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The Left Hand of Darkness

By Corina Breukel


Hello everyone,


I have felt honoured and pleased to choose a book for the PainGeeks bookgroup. As I have a very strong interest in Narrative approaches, I was immediately clear in my mind that I wanted to use a piece of fiction. If you are anything like me and read papers and popular science books, you may have found that fiction sometimes falls by the wayside and tends to get classified as “reading for pleasure”. But human beings are natural storytellers, and it is the information that we feel that tends to get absorbed and which becomes part of us.

This particular book is usually classed as science fiction, but it is more accurately described as a thought experiment. What if there was a planet in a universe on which its humans live for most of the time without being one gender or the other, except for a brief period of time each month, during which they can choose to become either. What effects would that have on a society?


Now do bear in mind that this book was written more than half a century ago (1969), before women could even open a bank account by themselves (1975). Feminists at the time thought the book did not go far enough in its speculation about a genderless society and took exception to the use of “he” for every person, as it makes it appear as if androgyny is the absence of femininity. Nowadays these ideas are far more culturally normal, and we have the language to express people being non-binary and using the pronoun “they”.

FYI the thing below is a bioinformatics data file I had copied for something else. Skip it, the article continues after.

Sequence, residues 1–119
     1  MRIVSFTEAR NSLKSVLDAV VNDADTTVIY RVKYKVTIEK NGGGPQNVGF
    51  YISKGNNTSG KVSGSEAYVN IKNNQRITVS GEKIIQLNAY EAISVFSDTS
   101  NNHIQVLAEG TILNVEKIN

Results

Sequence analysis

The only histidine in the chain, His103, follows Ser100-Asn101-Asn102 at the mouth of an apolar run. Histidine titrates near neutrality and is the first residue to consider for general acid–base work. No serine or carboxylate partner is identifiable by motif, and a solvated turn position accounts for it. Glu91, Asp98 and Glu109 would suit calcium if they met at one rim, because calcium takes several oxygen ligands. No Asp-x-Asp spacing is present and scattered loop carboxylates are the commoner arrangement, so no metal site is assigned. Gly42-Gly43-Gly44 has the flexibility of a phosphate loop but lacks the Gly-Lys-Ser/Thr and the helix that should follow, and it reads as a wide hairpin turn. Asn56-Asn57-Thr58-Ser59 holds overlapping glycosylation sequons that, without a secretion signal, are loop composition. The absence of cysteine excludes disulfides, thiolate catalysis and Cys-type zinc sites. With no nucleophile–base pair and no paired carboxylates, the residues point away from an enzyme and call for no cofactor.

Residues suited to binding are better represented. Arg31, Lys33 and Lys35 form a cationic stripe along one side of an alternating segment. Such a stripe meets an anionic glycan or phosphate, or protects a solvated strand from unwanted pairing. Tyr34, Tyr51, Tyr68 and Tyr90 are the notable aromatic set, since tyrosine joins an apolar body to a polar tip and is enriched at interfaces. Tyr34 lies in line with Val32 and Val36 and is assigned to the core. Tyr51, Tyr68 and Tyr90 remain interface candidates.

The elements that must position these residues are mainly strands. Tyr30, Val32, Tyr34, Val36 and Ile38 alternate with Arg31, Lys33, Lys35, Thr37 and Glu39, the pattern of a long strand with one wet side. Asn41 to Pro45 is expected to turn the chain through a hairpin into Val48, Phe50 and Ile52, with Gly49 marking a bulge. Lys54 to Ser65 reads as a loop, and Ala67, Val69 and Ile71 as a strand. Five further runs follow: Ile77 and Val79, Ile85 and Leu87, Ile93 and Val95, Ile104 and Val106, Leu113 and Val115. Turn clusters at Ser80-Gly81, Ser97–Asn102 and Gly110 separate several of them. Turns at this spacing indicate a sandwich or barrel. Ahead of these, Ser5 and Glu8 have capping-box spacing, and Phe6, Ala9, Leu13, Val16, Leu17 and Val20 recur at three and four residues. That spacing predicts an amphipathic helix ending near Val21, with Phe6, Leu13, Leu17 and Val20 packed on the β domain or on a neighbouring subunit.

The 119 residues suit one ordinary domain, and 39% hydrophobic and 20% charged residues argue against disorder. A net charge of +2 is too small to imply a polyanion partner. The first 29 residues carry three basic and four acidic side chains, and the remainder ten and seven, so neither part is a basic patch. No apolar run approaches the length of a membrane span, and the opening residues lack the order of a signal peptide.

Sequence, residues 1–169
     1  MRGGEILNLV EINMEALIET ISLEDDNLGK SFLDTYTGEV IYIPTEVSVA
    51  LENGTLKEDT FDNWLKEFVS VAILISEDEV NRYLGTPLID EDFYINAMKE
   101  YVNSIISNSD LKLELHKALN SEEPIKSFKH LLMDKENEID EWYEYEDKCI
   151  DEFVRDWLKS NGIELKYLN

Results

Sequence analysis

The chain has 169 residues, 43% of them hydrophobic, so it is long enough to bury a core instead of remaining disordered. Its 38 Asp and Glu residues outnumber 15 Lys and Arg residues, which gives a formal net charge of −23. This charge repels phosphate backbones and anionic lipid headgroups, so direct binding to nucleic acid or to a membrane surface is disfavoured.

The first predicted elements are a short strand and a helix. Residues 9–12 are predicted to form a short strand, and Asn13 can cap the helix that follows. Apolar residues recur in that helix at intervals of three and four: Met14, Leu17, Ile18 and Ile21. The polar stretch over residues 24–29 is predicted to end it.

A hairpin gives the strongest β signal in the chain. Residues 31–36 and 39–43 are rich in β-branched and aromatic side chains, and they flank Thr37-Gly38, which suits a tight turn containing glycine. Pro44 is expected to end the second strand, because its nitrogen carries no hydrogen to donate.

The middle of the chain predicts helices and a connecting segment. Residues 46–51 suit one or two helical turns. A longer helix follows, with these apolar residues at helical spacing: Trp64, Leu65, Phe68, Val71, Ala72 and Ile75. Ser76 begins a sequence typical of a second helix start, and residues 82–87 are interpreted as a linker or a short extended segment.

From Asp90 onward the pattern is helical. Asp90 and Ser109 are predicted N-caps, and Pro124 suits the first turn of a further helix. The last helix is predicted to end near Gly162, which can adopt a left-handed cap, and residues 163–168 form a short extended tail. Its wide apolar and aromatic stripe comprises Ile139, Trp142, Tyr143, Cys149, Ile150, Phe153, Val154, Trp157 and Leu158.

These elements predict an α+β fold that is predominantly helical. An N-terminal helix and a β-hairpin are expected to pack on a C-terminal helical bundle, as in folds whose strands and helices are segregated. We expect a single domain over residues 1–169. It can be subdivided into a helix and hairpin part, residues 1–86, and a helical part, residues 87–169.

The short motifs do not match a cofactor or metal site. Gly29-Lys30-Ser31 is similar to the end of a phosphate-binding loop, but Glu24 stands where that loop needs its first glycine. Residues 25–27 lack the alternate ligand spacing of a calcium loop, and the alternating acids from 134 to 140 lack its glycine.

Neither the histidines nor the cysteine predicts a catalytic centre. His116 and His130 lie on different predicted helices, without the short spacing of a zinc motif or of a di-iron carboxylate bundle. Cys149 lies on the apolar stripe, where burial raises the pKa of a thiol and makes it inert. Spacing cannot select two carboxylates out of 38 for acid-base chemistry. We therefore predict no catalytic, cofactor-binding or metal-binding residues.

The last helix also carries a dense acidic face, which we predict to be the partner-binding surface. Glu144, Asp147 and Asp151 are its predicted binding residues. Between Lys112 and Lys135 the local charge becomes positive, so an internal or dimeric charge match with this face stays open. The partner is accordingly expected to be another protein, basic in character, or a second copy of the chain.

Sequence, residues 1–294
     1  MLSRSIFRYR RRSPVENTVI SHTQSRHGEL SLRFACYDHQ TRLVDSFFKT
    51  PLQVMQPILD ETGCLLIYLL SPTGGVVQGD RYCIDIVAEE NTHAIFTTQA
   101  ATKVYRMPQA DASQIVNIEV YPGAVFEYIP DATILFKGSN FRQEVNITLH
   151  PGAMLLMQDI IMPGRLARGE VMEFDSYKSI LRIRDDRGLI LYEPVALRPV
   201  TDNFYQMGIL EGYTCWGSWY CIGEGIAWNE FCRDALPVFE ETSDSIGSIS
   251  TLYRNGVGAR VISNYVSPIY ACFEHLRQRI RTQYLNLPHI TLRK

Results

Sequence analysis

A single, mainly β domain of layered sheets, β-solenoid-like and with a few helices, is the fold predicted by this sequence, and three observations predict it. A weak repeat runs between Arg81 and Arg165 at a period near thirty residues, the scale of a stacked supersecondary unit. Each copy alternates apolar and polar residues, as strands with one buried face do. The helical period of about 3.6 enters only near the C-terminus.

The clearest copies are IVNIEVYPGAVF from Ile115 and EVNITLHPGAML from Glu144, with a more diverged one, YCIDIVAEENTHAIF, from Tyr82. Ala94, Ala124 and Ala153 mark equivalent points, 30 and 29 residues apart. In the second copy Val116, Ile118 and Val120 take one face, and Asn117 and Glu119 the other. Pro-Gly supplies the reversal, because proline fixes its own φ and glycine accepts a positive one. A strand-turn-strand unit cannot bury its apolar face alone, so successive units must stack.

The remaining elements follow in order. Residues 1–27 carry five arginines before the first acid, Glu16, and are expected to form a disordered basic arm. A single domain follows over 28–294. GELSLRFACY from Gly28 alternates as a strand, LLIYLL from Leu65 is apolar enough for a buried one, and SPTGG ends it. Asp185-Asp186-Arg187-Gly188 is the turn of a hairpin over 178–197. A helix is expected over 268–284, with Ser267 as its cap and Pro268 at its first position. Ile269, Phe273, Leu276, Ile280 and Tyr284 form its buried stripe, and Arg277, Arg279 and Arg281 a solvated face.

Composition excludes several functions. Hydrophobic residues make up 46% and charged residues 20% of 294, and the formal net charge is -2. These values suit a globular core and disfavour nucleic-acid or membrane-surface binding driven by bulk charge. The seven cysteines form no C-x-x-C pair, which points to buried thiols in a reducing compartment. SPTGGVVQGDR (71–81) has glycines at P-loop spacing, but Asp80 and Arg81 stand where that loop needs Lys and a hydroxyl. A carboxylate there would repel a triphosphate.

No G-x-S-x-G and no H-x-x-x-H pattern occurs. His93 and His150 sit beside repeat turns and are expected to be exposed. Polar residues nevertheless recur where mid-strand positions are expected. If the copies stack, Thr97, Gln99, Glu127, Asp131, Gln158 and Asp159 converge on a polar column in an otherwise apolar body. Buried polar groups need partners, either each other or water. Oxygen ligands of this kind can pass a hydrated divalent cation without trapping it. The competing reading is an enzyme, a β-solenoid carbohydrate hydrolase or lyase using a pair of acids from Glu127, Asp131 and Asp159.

If you have started reading this book, you will have read the extraordinary introduction by the author, in which she claims, “A novelist’s business is lying” She states: “Fiction writers, at least in their braver moments, do desire the truth: to know it, speak it, serve it. But they go about it in a peculiar and devious way, which consists in inventing persons, places and events which never did and never will exist or occur and talking about these fictions in great detail and at length with a great deal of emotion and then when they are finished writing this pack of lies, they say There! That is the truth.


She is speaking tongue in cheek of course, but nevertheless I profoundly disagree. Neuroscience has shown us that every time we tell a story, we recreate it from memory, but based on the last version of the story, not on the actual events. Thus, truth becomes a very slippery concept and in my mind the imaginations of an author, though they may not exist in the physical world, are more truthful than most other writing. Any scientific writing builds its case by selecting those studies that support it. As for biographies or first-hand accounts, they cannot be anything but extremely biases and could be seen as a lie, depending on who reads it.


She does go on to discuss metaphor in her introduction “the artist deals with what cannot be said in words. The artists whose medium is fiction does this in words. The Novelist says in words what cannot be said in words”.


I think this is such a delicious concept, let me know your thoughts.


- Corina


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